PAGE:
Today’s Wonder of the Day was inspired by Ganeev. Ganeev Wonders, “Why Don't Sikhs Celebrate Holi?” Thanks for WONDERing with us, Ganeev!
Here in Wonderopolis, we’ve learned about many holidays. Maybe you’ve read about Mardi Gras, Passover, or Kwanzaa. Today, we’ll cover another holiday. It’s celebrated by over a billion people around the world. What are we talking about? Holi, of course!
What is Holi? It’s a spring festival that began in northern India. Holi is also called “The Festival of Colors” or “The Festival of Love.” Does your family celebrate Holi? If so, you know it is full of joy! Holi honors the victory of good over evil.
Holi began as a holiday in Hinduism, which is the major religion of India. It takes place during the full moon of the Hindu month Phalguna. Typically, this falls in March, near the spring equinox.
Today, Holi is still a Hindu holiday. However, people of many other religions celebrate the festival. Especially in India, those who are Muslim, Sikh, and Christian observe Holi. People of Indian heritage have also spread the holiday as they move to and visit other nations.
How do people celebrate Holi? It often starts with a large bonfire. For many, this represents the burning of evil spirits. During the celebration that follows, people throw colorful powder and water balloons at each other. As you might imagine, Holi can get messy! Families also share a feast of traditional Indian food. This often includes thandai, malpua, and gujiya.
However, there are many different ways to celebrate Holi. One example is the majority Sikh population of the Indian state Punjab. They call the Holi festival “Hola Mohalla.” Over three days, they hold many competitions, including mock battles. The Sikh tradition even includes music and poetry competitions.
What is the story behind Holi? There are many versions of the holiday’s origin. However, one commonly held belief is that Holi is based on a story about the Hindu god Vishnu.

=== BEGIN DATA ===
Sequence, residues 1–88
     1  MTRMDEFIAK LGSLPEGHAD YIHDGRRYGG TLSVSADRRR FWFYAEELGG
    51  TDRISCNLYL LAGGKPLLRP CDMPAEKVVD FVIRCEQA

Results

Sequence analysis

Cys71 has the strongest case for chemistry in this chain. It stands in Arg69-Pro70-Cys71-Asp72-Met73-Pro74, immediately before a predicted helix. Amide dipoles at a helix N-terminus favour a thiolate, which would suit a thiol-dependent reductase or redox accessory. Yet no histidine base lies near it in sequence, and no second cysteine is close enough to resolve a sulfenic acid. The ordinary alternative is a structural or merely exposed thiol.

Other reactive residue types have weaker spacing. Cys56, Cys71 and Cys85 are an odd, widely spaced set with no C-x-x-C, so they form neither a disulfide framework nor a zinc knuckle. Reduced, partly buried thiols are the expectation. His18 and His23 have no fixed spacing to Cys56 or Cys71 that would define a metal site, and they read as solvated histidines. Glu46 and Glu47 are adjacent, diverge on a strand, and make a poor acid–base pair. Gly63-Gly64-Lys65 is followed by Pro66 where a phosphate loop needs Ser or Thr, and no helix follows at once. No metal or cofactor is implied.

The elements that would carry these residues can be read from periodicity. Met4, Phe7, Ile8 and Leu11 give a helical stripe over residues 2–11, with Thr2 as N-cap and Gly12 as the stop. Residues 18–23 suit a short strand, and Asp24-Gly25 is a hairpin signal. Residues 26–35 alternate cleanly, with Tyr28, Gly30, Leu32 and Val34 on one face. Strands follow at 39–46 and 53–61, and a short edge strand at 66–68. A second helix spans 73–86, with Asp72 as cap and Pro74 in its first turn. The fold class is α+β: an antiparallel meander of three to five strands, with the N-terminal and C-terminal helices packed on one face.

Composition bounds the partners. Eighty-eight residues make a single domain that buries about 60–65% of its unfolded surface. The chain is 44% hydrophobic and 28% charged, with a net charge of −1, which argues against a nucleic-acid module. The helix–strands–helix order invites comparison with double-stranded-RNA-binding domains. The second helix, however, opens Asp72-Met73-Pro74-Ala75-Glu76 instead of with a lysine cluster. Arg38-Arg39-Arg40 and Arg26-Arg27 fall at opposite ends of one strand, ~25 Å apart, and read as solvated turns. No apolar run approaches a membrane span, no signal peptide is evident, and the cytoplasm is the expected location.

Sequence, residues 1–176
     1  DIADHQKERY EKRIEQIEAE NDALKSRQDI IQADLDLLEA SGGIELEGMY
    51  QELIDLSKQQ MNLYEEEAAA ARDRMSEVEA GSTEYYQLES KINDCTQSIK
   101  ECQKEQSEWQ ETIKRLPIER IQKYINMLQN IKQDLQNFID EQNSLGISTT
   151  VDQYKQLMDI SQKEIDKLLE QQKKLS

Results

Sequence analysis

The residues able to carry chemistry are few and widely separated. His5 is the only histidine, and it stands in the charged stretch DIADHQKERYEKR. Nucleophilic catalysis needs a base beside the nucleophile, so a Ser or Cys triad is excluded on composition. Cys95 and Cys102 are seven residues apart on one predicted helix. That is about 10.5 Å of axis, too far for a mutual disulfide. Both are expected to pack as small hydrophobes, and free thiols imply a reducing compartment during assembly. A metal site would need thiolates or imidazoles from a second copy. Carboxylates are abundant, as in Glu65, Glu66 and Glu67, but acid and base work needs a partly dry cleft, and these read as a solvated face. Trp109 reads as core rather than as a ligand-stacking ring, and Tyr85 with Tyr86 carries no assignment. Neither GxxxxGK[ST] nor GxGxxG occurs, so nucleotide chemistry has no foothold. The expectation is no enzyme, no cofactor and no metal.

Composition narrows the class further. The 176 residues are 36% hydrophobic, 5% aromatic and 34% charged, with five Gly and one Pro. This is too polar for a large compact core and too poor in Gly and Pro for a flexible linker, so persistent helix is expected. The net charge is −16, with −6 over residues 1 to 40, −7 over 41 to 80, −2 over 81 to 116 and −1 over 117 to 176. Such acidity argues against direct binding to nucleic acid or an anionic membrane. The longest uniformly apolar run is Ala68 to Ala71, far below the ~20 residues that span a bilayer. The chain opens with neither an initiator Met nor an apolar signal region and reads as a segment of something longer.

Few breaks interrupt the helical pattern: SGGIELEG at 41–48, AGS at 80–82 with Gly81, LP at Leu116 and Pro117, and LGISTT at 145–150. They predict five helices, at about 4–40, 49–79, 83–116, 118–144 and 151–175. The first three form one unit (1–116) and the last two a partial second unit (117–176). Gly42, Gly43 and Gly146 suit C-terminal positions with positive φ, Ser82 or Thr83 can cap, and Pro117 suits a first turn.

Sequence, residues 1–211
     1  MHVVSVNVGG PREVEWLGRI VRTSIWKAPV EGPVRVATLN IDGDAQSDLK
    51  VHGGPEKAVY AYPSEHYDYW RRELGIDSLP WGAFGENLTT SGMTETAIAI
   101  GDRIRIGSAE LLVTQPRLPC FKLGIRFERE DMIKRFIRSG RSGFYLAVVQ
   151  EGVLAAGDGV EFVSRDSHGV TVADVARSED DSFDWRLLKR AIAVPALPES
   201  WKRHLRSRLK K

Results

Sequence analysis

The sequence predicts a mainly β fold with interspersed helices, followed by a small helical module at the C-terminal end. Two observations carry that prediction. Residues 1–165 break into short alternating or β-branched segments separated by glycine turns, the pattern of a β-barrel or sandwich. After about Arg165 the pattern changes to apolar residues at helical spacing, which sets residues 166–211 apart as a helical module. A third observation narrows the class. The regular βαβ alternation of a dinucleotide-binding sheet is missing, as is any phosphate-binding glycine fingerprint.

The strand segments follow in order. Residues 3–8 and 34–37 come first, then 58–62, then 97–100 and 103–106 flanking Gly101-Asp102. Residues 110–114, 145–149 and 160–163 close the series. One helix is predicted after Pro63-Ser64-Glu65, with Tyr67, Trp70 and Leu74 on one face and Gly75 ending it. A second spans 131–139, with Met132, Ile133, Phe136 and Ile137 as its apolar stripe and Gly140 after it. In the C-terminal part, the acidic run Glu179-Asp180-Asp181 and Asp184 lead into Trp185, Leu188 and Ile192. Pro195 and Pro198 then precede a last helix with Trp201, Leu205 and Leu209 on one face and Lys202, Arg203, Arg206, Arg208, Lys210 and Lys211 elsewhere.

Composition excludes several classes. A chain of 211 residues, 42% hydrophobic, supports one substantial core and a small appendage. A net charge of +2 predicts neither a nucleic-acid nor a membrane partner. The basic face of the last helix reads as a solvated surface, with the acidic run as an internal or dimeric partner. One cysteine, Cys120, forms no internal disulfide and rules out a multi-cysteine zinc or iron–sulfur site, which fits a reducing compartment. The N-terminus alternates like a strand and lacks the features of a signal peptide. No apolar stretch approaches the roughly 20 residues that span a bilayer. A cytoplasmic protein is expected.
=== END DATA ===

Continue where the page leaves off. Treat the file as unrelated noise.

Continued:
Many Hindu people believe there was once a demon king named Hiranyakashipu. He wanted the people under his rule to worship him instead of the gods. However, his son, Prahlada, kept worshiping the god Vishnu.
In an attempt to be rid of Prahlada, the king worked with his sister, the demoness Holika. She was immune to fire. Holika tricked Prahlada into sitting in her lap upon a pyre. However, the god Vishnu saved Prahlada, causing Holika to burn instead. That’s why many Hindu people start Holi with a bonfire.
Of course, there are other stories of how Holi began. Many believe it honors the birthday of the Hindu saint Shri Chaitanya Mahaprabhu. Others point to another Hindu story about the god Krishna. It’s said that he spread beautiful colors on his followers. They believe this began the tradition of throwing colorful powders.
Have you ever been to a Holi festival? If your family is Hindu, the answer is likely yes! However, others are often welcome at Holi festivals, as long as they are respectful of the culture and the holiday itself. If your family wants to take part in a Holi celebration, remember to appreciate—not appropriate—the tradition.
Standards: CCRA.R.4, CCRA.L.3, CCRA.L.6, CCRA.R.2, CCRA.R.10, CCRA.R.1, CCRA.SL.1, CCRA.L.1, CCRA.W.2, CCRA.SL.3, CCRA.L.2, NCAS.A.1, NCAS.A.2, NCAS.A.3